Inside the Mind of Photographer and Video Maker Nadia Lee Cohen

Welcome to the mad, mad world of Nadia Lee Cohen, where beauty and abject weirdness are one and the same. The 27-year-old British photographer, filmmaker, and self-portrait artist has been mining for Americana since discovering the likes of William Eggleston and Cindy Sherman as a teen. And, in the dystopian present, she’s found gold.

Astronaut self-portrait, 2017.

Her photos, which often take inspiration from cult films like Pink Flamingos, The Shining and Blue Velvet, pulse with the kind of cinematic quality that is rare in the Instagram age. “I plan every detail like an insane person,” she says. “My set girls get very frustrated with me when I feel I need a particular type of egg box, or something that seems so irrelevant.” But in Cohen’s, case, details are often where strangeness thrives. Take, for instance, her recent video for American–Colombian singer–songwriter Kali Uchis’ single, “After the Storm,” during which Uchis; Tyler, the Creator; and Bootsy Collins navigate a latter-day Pee-wee’s Playhouse, complete with singing chia pets and animatronic wigs.

Still from Kali Uchis’ “After the Storm” music video.

Though Cohen often fantasized about being a boy while she was growing up on a farm in rural England, her self-portraits are inextricably linked to female identity, often transposing her subjects with her own image. Recently, she posed as a gunslinging saloon girl, a lingerie-clad vampire, and the devil—each oozing the kind of exaggerated femininity we’ve become so thirsty for. “I am trying to create physical forms and narratives of what I am imagining in my head.” As for the result, she describes her aesthetic as “not something everyone will like.”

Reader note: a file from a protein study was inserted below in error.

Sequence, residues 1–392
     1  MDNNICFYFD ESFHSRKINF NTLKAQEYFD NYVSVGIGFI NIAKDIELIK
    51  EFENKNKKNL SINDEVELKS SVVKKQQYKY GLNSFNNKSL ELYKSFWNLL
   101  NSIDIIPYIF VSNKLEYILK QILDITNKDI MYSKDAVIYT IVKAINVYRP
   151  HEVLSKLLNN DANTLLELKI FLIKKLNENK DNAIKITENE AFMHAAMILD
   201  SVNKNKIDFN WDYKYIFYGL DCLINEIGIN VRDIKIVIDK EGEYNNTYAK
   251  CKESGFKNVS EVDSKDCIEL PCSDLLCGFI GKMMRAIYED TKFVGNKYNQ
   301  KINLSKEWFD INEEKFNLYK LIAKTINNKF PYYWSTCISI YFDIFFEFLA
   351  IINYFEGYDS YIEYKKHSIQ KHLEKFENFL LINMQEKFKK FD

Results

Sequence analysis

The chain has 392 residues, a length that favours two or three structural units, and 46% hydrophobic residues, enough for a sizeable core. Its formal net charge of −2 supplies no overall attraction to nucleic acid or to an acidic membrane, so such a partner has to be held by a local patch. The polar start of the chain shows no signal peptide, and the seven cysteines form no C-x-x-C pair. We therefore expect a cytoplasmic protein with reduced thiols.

Cohen’s pastoral upbringing does little to explain her fascination with kitsch, though she suggests it gives her “an outsider’s perspective,” now that she’s L.A.-based. While studying at the London College of Fashion, Cohen travelled to the U.S. to photograph landscapes on a Master’s scholarship, and the rest, as they say, is history. “The current social climate is so insane that it almost feels as though we’re in a movie,” she says. “I find that darkness quite inspirational, and I feel great art tends to emerge out of oppression.” To wit, Cohen’s high-gloss surrealism has landed her gigs with Miu Miu, Katy Perry, and the cover of Hunger Magazine starring Elizabeth Olsen. This spring, a solo exhibit of her work will open in Malaga, Spain, before travelling Europe.

Miu Miu advertorial for Hunger Magazine.

It doesn’t seem like a stretch to crown Cohen this generation’s John Waters (with a little bit of Lana Del Rey in there for good measure), which seems fitting as she grew up watching his counterculture flicks. As for the obvious difference-that Cohen has yet to direct a full-length feature—she’s not far behind.

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